All CT examinations were performed with a 128-row Multidetector CT system (SOMATOM Definition Flash, Siemens Healthcare system, Germany). Scanning coverage was from the thoracic inlet to the inferior level of the costophrenic angle. The CT scanning protocol was as follows: tube voltage of 100KV, tube current of 100–200 mA (automatic exposure control employed), rotation time of 0.35 s, pitch of 1.4 mm, detector collimation of 0.6 mm, slice thickness/reconstruction thickness of 5 mm/1 mm. All scans were performed in the supine position during end-inspiration.

Fig. 2
figure 2

Distribution of cases based on their age and infection type in the dataset

Data were transferred to the image processing workstation. These CT images were reviewed on the above-mentioned workstation at the lung window (width of 1000 HU and window level of − 700 HU). To ensure the accuracy of the analysis, all images were independently evaluated by an experienced radiologist. The diagnosis of Covid illness was further confirmed by the results of the patients’ RT-PCR tests. Figure 2 Shows information about the number of patients with four infections in the dataset.

The COVID dataset presented in other studies has either provided CT data just from COVID patients alone [16], or the data presented falls into two categories: COVID and Normal [13, 17,18,19].

In a study by Shakuri et al., an open-source repository of more than 1,000 CT scans of COVID-19 lung infection was published and developed by authorized radiologists in the study. CT scans were obtained between March 2020 and January 2021 from two main university hospitals located in Mashhad. Comparative assays, such as RT-PCR and associated clinical signs, were used to confirm COVID-19 infections. The authors state that all data is recorded in the DICOM standard as 16-bit images on a gray scale of 512 × 512 pixels [20].

Afshar, et al. introduced the COVID-CT-MD dataset which consists of 169 confirmed positive COVID-19 cases, 76 normal cases, and 60 community-acquired pneumonia (CAP) cases. All these cases were collected from the Babak Imaging Center in Tehran, Iran [12].

Zaffino et al. published a dataset including 50 COVID-19-positive patients in ITK-based file format as a non-contrast chest CT. The presented datasets were obtained from Azienda Ospedaliera Pugliese-Ciaccio in Catanzaro, Italy by two different scanners [21].

In addition, Soares et al. provided a COVID-CT scan dataset from the Public Hospital of the Government Employees of Sao Paulo Metropolitan Hospital of Lapa in Brazil. This dataset includes 210 patients, only 80 of them are infected with COVID-19 and collected from March 15 to June 15, 2020 year. The matrix size of the images was 512 × 512 with breath-hold at full inspiration [22].

The database we provide contains HRCT images. A CT scan of the chest uses X-rays to obtain images of the lung tissue. The images are obtained in “slices,” or thin views, that are put together to form an image. The slices of an HRCT are much thinner than with a standard CT scan, giving a more detailed image. HRCT scans are performed in one-millimeter slices [23]. Given the variety of infection patterns covered in this large dataset, it may be used as a starting point for more extensive data-train-driven AI models.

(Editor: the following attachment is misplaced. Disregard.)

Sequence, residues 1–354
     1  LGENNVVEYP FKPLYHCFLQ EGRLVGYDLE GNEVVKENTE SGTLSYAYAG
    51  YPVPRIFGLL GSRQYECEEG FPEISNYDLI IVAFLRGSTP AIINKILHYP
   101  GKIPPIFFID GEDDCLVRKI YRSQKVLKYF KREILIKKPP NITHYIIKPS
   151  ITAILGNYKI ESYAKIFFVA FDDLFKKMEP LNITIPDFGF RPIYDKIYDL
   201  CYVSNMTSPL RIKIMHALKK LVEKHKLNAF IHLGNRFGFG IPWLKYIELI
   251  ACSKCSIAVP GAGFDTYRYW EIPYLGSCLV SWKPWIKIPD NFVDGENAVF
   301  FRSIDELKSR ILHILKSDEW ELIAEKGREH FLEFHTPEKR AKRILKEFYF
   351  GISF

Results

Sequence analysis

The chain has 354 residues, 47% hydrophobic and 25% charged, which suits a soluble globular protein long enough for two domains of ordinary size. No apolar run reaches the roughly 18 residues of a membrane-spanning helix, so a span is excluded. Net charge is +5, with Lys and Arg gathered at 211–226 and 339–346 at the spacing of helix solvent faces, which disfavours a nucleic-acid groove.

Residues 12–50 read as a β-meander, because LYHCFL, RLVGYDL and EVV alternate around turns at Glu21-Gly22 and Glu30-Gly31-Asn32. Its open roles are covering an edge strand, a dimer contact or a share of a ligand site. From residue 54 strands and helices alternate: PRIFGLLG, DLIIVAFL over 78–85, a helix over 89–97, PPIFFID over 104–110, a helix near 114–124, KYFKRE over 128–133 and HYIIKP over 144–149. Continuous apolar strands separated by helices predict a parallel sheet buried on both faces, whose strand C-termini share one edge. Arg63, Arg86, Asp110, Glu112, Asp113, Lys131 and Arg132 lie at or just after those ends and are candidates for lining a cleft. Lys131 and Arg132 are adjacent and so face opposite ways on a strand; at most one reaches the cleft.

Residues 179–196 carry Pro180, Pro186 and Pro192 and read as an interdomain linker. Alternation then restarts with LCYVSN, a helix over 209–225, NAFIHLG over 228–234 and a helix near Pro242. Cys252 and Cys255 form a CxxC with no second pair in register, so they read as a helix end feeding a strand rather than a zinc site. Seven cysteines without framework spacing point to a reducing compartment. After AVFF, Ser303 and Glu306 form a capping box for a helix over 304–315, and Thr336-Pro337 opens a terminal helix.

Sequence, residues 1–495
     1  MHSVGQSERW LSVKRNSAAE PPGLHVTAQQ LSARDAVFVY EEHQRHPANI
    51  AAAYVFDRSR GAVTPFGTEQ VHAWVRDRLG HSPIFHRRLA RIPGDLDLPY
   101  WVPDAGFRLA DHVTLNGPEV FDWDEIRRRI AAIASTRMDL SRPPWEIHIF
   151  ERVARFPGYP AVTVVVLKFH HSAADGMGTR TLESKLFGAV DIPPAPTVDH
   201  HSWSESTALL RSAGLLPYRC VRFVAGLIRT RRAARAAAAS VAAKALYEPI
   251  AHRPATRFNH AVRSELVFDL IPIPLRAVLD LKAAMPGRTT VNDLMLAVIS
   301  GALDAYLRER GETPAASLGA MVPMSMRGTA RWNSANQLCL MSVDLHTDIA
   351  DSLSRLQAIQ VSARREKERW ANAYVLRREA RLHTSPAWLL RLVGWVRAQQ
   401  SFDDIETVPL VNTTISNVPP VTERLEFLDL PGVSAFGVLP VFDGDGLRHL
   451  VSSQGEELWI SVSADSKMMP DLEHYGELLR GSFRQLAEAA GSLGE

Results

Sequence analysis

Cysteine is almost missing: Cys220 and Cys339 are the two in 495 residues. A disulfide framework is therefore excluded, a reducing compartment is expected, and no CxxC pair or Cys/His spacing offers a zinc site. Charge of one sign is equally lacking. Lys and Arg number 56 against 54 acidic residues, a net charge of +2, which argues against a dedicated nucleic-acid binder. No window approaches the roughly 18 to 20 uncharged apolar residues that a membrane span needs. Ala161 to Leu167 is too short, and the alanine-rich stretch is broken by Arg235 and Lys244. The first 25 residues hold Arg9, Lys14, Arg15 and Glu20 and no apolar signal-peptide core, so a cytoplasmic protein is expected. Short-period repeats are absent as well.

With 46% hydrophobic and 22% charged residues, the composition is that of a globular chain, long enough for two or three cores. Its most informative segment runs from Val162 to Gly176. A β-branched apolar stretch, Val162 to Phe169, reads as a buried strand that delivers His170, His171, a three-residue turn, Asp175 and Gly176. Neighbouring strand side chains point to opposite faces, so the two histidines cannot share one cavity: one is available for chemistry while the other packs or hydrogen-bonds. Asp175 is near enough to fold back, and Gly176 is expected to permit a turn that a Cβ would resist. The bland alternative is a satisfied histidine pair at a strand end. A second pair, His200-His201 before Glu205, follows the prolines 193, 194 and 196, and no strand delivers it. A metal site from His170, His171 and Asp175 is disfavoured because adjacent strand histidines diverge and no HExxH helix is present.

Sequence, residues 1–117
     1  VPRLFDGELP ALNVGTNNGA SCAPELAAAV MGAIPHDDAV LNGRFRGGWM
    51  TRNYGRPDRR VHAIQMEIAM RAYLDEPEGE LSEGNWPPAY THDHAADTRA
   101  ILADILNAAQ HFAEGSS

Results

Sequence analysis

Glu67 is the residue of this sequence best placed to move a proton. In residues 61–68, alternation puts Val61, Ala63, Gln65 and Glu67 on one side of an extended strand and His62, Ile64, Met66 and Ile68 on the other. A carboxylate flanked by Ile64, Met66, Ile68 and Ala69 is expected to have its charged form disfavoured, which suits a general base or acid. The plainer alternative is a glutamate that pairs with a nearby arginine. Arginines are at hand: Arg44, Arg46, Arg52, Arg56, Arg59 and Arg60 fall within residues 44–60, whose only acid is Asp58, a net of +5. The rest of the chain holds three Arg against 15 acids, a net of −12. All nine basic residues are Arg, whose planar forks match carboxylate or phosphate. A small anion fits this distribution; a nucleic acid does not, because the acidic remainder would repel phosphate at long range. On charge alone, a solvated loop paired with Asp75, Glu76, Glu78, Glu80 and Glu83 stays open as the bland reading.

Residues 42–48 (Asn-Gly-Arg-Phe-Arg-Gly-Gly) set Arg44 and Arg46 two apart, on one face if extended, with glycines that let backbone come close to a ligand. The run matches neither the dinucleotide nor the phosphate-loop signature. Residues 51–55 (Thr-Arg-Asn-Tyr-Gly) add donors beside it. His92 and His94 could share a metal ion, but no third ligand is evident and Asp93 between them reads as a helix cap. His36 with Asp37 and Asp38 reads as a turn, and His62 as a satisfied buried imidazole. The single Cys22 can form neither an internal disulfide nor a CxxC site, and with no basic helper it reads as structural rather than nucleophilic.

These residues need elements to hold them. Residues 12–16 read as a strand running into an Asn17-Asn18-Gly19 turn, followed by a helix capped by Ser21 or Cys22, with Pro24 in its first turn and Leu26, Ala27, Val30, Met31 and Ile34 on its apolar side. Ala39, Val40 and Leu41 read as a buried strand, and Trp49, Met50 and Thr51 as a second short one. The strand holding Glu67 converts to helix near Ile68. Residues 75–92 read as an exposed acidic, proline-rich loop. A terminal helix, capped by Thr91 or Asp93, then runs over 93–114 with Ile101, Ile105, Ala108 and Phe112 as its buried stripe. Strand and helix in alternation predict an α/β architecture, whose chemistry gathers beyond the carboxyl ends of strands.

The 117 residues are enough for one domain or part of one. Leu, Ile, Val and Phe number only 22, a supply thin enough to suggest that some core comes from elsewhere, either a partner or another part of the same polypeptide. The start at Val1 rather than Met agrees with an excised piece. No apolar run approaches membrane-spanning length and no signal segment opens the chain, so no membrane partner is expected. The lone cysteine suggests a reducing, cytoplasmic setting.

The limitations we faced while preparing the dataset were missing or incorrect data, as well as low image quality due to respiration artifacts caused by the patient’s difficulty breathing. Some categories, such as “Crazy Paving” and “Air Space Consolidation,” have less data than the GGO category. The use of only one radiologist as an expert and the other for the sample population as images were taken from only one hospital.

Data availability

The datasets generated during and/or analyzed during the current study are available in the Zenodo repository ( The latest version of the data can also be accessible at, the DataBioX website.



High-resolution CT


Ground Glass Opacity


Organizing pneumonia


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We thank the staff of the imaging department of Milad Hospital, Isfahan, Iran.


No special funding was received for the study.

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Authors and Affiliations



I.A. contributed to the design of the work, data collection, image classification, and writing of the manuscript; M.V. contributed to the design of the work, image classification, and processing works for preparing the dataset; B.O. contributed to the design of the work, the acquisition, scientific supervision, and data collection; M.Z. contributed to the design of the work, data collection, the acquisition, analysis, and editing of the manuscript; and H.B. contributed to the design of the work, processing works, and supervision. All of the authors read, revised, and approved the final draft. In addition, all authors have agreed both to be personally accountable for the author’s contributions and to ensure that questions related to the accuracy or integrity of any part of the work, even ones in which the author was not personally involved, are appropriately investigated, resolved, and the resolution documented in the literature.

Corresponding author

Correspondence to Hamidreza Bolhasani.

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Ethics approval and consent to participate

This study has been approved by the ethics committee of the Isfahan University of Medical Sciences. All methods were carried out by relevant guidelines and regulations of the Declaration of Helsinki. Informed consent was obtained from all subjects and/or their legal guardian(s).

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Not applicable.

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The authors declare no competing interests.

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Abedi, I., Vali, M., Otroshi, B. et al. HRCTCov19-a high-resolution chest CT scan image dataset for COVID-19 diagnosis and differentiation. BMC Res Notes 17, 32 (2024).